High drama sparked by proposal to require minimum wage for union actors in small theaters

Actors protest in support of 99-seat theaters outside the Actors Equity Association's headquarters in North Hollywood.
Actors protest in support of 99-seat theaters outside the Actors Equity Association's headquarters in North Hollywood.
Brian Watt

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A proposal that would require union actors performing in L.A. county theaters that have 99 seats or less to be paid the minimum wage has sparked a heated debate among actors and the larger theater community. 

In making the proposal, the union, the Actors Equity Association (Equity), says it’s responding to pleas from members that began more than a year ago.  The actors have complained that while passionate about and seeing the benefits of performing in small theaters, they weren’t able to afford to continue working essentially without pay. 

So-called "99-seat theaters"  have been a fixture of the LA theater scene for decades, and stage actors eager to keep creating and showcase their talents have willingly performed in them.  But the actors have only been paid a stipend of as little $7 per performance – amounting often to gas money – and are not paid at all for rehearsals.

Equity has decided to address this by crafting a new internal agreement between the union and its members who want to work in the small theaters.  While some actors back their union’s move to get them paid, others believe the proposal will kill off 99-seat theaters because they won’t be able to afford  to pay the wages.

The dispute is pitting performer against performer.  Actors who are angry with their union see the 99-seat theater scene as a pipeline of creative work and talent…and opportunities to perform.   

“There are no greedy, cigar-chomping profiteers in LA 99-seat theater,” the home page of ilove99.org declares.  “We, the actors who do these shows, are not being exploited. We have chosen in the past to work for tiny stipends in order to be seen; to hone our craft; and to honor the unique chemistry of necessity and love that drives any artist.”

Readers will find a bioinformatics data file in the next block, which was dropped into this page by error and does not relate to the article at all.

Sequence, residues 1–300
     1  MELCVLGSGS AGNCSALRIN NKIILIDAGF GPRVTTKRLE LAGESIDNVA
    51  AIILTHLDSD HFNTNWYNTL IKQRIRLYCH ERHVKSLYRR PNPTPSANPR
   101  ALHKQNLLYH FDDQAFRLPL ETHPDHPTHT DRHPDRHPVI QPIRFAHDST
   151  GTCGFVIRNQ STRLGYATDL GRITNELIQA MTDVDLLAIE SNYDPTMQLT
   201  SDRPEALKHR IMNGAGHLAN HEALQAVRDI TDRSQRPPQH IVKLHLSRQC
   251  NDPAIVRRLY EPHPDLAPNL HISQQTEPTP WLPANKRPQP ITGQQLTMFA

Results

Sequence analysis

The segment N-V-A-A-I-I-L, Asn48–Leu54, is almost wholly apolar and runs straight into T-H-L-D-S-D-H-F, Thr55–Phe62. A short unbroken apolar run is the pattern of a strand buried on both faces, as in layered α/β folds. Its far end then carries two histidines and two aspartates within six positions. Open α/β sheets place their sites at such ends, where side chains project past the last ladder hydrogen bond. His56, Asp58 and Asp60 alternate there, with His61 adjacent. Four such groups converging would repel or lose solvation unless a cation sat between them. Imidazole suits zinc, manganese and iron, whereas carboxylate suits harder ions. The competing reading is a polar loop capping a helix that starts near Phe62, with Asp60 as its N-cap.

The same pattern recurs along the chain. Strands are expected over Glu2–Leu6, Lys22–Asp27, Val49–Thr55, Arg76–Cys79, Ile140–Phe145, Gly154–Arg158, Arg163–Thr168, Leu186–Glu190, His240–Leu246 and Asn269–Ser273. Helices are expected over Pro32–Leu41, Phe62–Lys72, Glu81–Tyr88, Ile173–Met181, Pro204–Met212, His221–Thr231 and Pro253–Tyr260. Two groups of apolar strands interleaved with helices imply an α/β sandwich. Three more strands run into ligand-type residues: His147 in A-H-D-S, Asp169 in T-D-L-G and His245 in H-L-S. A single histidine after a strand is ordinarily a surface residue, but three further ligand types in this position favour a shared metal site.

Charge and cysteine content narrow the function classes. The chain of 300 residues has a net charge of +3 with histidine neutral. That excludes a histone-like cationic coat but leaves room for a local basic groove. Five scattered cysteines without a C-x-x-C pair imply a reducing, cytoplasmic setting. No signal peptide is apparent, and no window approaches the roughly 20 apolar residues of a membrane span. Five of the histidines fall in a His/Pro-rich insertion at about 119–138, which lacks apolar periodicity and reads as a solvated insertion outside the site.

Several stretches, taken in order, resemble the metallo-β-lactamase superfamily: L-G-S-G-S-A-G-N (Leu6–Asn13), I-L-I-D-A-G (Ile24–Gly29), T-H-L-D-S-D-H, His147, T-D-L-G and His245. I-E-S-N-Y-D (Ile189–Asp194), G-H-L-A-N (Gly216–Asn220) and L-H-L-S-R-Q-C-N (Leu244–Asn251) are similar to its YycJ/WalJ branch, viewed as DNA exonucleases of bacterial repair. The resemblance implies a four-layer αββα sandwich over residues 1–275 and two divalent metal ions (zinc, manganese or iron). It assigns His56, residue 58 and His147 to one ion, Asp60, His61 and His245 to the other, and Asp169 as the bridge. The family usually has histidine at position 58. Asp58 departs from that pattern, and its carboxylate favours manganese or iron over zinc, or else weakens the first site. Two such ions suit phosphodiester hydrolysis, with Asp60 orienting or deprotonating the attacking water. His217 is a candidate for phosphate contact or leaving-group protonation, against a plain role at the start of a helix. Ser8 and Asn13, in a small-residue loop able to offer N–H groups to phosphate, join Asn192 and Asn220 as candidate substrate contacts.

The organization demonstrated in North Hollywood Monday, marching and picketing the Equity office on Tujunga Avenue, and boasting the support of successful actors including Tim Robbins, Jason Alexander, Alfred Molina, Helen Mirren and Blythe Danner.

"My volunteer 99–seat work here has been absolutely vital to my life as an artist," said Jeff Perry, who has eagerly performed in the smaller theaters of Los Angeles.  He's currently starring as Cyrus Beene on ABC's Scandal, but he's also a co-founder of Chicago's Steppenwolf Theater.  He said he's currently working on a theater piece that wouldn't be able to afford paying its actors minimum wage.  "It might have a $10,000 budget, but that would add at least $10-12,000 to dollars that just aren't there."

If Perry is eager to keep "volunteering" in the smaller theaters, actors like Ann Colby Stocking are weary of it. 

"I do love it," says Stocking. "But I feel we should be paid as other members of the collaborators in the project very often are:  the lighting designer, the set designers, box office staff - often paid. The directors are very often paid, and it’s demoralizing to receive $21 at the end of a weekend.” 

The union will send ballots on the minimum wage proposal to its estimated 6,500 Los Angeles County members on Wednesday. In late April, the union's national council will meet to consider the results of the vote and all the other feedback on the wage proposal. 

“This is not about taking away anybody’s creativity," said Gail Gabler, Equity's western regional director.  "This is about doing justice to actors. Actors should be first on a theater’s budget, not an afterthought that doesn’t even happen."